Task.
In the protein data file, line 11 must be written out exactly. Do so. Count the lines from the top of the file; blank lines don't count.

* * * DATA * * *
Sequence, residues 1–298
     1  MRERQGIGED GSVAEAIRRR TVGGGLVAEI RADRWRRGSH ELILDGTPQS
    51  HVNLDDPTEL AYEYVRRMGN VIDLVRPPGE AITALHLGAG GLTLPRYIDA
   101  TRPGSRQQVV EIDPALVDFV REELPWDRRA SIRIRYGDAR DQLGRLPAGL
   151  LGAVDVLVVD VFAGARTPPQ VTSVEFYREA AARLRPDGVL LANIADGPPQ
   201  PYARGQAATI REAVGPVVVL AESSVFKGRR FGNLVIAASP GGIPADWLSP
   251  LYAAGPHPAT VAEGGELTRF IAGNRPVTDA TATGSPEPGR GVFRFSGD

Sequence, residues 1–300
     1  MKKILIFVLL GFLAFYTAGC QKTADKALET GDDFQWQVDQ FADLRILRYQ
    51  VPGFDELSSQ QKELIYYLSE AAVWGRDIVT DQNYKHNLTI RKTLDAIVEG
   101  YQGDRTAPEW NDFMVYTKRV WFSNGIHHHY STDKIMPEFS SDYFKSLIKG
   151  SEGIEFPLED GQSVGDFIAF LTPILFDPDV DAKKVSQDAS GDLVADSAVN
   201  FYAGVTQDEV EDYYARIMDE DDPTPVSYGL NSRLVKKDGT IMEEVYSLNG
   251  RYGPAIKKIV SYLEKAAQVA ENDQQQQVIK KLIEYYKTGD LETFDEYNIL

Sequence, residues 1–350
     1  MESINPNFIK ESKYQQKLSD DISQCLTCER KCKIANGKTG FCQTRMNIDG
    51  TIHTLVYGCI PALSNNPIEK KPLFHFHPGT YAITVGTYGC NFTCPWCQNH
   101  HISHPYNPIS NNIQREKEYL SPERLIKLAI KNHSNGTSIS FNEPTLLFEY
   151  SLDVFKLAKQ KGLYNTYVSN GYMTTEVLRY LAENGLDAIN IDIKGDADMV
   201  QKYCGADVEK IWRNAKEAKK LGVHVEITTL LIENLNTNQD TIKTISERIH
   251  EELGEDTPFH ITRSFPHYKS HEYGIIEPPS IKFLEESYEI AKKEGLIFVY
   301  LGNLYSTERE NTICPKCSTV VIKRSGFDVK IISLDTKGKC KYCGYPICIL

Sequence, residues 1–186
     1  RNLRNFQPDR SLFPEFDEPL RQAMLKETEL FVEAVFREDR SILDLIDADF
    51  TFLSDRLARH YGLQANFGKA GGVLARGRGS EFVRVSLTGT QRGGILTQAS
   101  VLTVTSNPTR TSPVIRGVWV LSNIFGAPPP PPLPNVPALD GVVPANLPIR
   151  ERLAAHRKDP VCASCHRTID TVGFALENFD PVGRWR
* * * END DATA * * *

   101  YQGDRTAPEW NDFMVYTKRV WFSNGIHHHY STDKIMPEFS SDYFKSLIKG